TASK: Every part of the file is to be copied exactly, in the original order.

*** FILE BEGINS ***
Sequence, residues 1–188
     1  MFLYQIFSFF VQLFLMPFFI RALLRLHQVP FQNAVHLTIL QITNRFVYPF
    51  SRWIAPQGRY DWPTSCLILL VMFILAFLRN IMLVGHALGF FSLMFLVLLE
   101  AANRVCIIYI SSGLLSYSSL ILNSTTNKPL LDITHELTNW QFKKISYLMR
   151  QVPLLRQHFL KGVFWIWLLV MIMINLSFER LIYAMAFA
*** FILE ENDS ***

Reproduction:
Sequence, residues 1–188
     1  MFLYQIFSFF VQLFLMPFFI RALLRLHQVP FQNAVHLTIL QITNRFVYPF
    51  SRWIAPQGRY DWPTSCLILL VMFILAFLRN IMLVGHALGF FSLMFLVLLE
   101  AANRVCIIYI SSGLLSYSSL ILNSTTNKPL LDITHELTNW QFKKISYLMR
   151  QVPLLRQHFL KGVFWIWLLV MIMINLSFER LIYAMAFA